Understanding Florida Workers’ Compensation


 FAQs Every Worker Should Be Able To Answer

Every year, tens of thousands of individuals get injured on the job in Florida. And although Florida law requires most employers to provide workers’ compensation insurance, injured employees often don’t receive the compensation they deserve. In many cases, this stems from confusion surrounding Florida workers’ compensation laws and the process of filing a claim.

Let’s explore some of the most common questions and answers concerning workers’ compensation in Florida.

#1—Does My Employer Have To Provide Workers’ Compensation Insurance?

In Florida, employer coverage requirements depend on the industry and the number of employees, and are laid out by the Bureau of Compliance in Florida:

#2—If I’m An Independent Contractor, Can I File A Workers’ Compensation Claim?

An independent contractor is not considered an employee, which means that unless you work in the construction industry, your employer is not required to carry workers’ compensation insurance for you.

If you are in the construction field, then your employer must provide workers’ compensation insurance, even if you are a contractor. Contractors must ensure that all sub-contractors have workers’ compensation insurance; if they do not, then those sub-contractors will be treated as employees of the contractor, and as a result, the contractor will be required to cover the damages associated with a work-related injury.

#3—What If My Injury Was Partially My Fault?

Florida has a no-fault workers’ compensation system, which means that even if you were entirely at fault for the injury you sustained, you can still qualify for workers’ compensation benefits. The flip side of the coin is that by filing a workers’ compensation claim, you waive your right to sue your employer for your injuries.

#4—Will My Employer Penalize Me For Filing A Workers’ Compensation Claim?

It is illegal for an employer to fire you or even threaten to fire you for bringing a workers’ compensation claim. If you feel your employer is treating you unfairly, intimidating you, or suggesting that you will suffer negative consequences if you file a workers’ compensation claim, it is crucial that you contact an attorney who can defend your rights and help you obtain the compensation you deserve.

#5—What If I Didn’t Report The Injury To My Employer?

There are many reasons you might hesitate or altogether avoid reporting an injury to your employer. You might initially believe you aren’t seriously injured, you might feel embarrassed, you might assume that since you caused the injury you aren’t eligible to receive workers’ compensation benefits, or you might think that your injury wasn’t sustained while you were actually “on the clock.”

However, it is ALWAYS best to report an injury to your employer as soon as it happens, both verbally and in writing—even if you don’t feel very injured or are not in very much pain. In addition, don’t assume that you don’t have a valid claim, as Florida workers’ compensation laws can be complex and difficult to apply to specific scenarios.

In general, an employee has 30 days to report an injury to their employer or else risk their claim being denied.

If you are unsure whether you have a valid workers’ compensation claim and/or have waited too long to report your injury, you should speak with an experienced workers’ compensation attorney as soon as possible. Doing so will protect you in the event that you do have a valid claim, and that what began as a small injury worsens over time, requiring medical intervention, physical therapy, and/or time off work.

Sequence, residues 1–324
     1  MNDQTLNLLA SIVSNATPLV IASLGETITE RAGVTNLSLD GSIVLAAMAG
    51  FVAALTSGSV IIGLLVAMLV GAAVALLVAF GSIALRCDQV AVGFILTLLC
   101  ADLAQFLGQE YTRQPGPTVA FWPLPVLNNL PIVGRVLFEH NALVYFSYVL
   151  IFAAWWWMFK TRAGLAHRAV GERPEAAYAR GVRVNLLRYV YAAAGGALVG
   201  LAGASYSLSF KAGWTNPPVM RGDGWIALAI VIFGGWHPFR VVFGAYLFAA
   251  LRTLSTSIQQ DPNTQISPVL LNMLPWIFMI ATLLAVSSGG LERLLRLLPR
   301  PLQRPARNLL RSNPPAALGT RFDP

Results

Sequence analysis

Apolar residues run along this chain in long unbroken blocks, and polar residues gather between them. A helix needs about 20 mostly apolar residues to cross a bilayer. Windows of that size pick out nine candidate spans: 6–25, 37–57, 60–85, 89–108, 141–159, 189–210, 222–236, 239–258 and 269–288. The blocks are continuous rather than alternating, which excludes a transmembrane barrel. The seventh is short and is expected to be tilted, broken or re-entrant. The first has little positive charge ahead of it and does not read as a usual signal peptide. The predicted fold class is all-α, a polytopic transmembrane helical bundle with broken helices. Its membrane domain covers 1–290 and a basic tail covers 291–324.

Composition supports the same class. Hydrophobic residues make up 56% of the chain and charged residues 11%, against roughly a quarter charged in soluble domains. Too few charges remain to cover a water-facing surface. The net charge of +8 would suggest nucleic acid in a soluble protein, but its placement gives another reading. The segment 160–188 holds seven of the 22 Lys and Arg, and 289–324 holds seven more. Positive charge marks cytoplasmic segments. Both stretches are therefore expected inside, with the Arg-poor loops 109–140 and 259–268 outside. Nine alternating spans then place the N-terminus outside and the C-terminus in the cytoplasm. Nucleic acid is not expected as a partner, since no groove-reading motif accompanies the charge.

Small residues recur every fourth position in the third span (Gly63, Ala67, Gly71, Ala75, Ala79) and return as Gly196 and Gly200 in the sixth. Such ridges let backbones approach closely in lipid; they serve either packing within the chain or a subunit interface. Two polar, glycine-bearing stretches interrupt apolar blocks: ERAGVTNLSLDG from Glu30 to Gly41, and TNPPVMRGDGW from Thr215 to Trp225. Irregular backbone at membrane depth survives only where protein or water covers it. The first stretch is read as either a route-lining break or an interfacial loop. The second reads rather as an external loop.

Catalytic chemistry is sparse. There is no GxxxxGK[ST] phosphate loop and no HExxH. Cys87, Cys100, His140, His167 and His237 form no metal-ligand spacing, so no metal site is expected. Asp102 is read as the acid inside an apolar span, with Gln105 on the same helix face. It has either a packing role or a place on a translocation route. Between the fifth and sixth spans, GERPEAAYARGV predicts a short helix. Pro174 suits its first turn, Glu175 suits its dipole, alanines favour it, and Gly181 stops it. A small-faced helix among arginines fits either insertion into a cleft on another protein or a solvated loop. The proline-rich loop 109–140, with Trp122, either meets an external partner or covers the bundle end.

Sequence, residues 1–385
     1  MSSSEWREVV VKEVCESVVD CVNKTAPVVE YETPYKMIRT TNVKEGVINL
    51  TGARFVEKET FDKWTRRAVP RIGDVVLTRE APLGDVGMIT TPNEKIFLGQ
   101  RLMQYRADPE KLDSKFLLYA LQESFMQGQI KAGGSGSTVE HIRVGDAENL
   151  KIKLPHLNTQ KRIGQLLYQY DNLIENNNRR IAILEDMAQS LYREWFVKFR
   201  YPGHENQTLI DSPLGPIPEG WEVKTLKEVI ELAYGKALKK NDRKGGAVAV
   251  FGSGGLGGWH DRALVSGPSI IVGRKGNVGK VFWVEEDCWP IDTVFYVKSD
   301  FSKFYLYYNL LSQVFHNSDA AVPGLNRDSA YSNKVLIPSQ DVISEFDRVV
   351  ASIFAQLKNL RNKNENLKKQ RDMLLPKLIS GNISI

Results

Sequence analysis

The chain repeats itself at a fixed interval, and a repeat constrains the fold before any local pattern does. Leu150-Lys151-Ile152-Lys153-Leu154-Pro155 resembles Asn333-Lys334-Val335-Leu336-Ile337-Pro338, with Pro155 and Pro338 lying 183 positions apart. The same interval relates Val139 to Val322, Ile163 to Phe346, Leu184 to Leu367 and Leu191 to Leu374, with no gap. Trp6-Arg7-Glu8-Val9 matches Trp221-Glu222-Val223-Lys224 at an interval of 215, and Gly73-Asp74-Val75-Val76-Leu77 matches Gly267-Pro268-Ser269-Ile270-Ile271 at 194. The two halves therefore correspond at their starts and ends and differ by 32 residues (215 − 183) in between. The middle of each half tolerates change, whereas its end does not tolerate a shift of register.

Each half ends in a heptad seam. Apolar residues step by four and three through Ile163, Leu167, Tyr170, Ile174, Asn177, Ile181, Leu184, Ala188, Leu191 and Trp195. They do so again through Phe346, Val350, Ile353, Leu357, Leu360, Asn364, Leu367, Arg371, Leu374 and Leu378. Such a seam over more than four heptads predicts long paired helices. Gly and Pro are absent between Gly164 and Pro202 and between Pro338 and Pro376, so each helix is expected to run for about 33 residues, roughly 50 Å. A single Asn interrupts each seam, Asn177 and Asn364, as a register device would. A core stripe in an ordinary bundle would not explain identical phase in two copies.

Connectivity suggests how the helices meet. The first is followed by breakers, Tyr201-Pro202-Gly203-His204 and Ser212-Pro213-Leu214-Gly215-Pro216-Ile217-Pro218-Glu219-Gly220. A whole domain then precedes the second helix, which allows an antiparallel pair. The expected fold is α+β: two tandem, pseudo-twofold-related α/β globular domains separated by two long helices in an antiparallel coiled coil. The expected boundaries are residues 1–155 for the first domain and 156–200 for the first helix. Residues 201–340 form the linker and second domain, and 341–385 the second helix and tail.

#6—How Long Can I Wait To File A Workers’ Compensation Claim?

The statute of limitations for a workers’ compensation claim in Florida is two years from the date the injury was sustained, OR from the date that you realized you sustained an injury or should have reasonably recognized the injury. However, there are some exceptions to this law. If you think your situation might warrant an exception, contact a workers’ compensation attorney in Florida as soon as possible.

#7—What’s Covered Under Workers’ Compensation In Florida?

Workers’ compensation benefits could cover your medical expenses, lost wages, and legal fees.

If you have a family member who died while on the job, you may be entitled to workers’ compensation death benefits. The best way to learn more about obtaining death benefits is to talk with a workers’ compensation attorney who can evaluate the details of your specific situation.

Fenstersheib Law Group, P.A.— Highly Experienced Workers’ Compensation Attorneys

The questions covered in this article represent just a small percentage of the questions that can arise while dealing with a work-related injury or death.

At Fenstersheib Law Group, P.A., we put our clients first, which means working with them on their cases, taking the time to make sure that they always understand what’s going on, and truly listening to and addressing their concerns.

Our goal is to achieve the optimal outcome in every case, whether that means finding a liable third party who should be held accountable (in addition to filing a workers’ compensation claim), strategically tackling the appeals process if a claim has been denied, and making sure our clients walk away feeling all the benefits of having hired our firm.

Our main office is located in Hallandale Beach, Florida, and we have secondary Florida offices located in Hollywood, Miramar, Fort Lauderdale, West Palm Beach, Orlando, Sarasota, Tampa, & Jacksonville.

Call Fenstersheib Law Group, P.A. at 800-TELL-ROBERT

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The Lawyers at Fenstersheib Law Group, P.A. provide personalized legal representation for personal injury cases.

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